While investigating the link between consumption of soy products and all-cause mortality, researchers in Japan found that a higher intake of fermented soy products, such as natto and miso, was associated with a lower risk of mortality. The results of the study were published in The BMJ.
The researchers’ findings were based on the results of an observational study of more than 42,000 men and 50,000 women in 11 of Japan’s public health centers. After responding to questionnaires about diet, lifestyle, and health status during a nearly 15-year follow-up period, it was found that participants with higher intakes of fermented soy products had a 10% lower risk of all-cause mortality. In contrast, total soy product consumption was not linked with all-cause mortality.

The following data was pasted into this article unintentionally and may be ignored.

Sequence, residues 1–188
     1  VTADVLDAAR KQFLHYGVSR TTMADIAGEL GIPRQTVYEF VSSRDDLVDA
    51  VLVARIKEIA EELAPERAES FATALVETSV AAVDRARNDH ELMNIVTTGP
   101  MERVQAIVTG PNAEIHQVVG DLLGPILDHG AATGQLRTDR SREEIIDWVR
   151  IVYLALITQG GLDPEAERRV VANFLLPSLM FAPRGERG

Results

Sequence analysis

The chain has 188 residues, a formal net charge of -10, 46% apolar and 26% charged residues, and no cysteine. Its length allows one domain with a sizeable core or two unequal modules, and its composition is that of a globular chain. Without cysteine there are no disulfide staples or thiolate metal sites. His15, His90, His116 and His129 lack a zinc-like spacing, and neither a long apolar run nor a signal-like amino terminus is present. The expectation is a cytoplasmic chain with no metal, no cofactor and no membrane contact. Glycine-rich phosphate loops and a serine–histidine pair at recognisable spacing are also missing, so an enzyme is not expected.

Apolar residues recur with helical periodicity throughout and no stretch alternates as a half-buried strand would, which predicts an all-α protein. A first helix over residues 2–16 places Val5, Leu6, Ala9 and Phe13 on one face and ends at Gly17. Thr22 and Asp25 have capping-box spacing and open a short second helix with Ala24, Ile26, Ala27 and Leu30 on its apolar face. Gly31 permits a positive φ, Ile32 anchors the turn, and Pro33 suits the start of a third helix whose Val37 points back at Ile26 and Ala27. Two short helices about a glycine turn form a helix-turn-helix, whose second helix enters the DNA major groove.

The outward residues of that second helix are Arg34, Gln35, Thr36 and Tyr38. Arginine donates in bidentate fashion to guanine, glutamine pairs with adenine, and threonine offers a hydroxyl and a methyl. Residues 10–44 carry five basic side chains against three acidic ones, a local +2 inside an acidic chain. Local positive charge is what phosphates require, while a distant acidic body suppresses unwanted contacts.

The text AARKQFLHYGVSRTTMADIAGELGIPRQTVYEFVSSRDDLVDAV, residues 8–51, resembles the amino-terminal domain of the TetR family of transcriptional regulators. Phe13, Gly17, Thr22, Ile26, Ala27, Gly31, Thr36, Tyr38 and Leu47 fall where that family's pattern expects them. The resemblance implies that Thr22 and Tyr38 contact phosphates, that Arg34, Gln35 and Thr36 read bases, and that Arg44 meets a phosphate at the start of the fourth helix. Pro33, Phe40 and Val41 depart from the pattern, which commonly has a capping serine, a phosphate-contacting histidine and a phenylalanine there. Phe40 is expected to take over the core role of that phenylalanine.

Lower risk of cardiovascular-related death was also experienced by both men and women who ate natto. The results remained the same, even after adjustments were made for vegetable intake, which was higher for participants whose natto intake was greater. One explanation for the positive associations seen in fermented soy products is their higher levels of fiber, potassium, and bioactive components as compared with non-fermented soy products.
Although the study results are compelling, the researchers conclude that because of the study’s observational nature, “findings should be interpreted with caution because the significant association of fermented soy products could be attenuated by unadjusted residual confounding.”
Further exploration is needed, added the researchers, to better establish the association between fermented soy intake and health outcomes, and to help inform the development of healthier and more palatable products.
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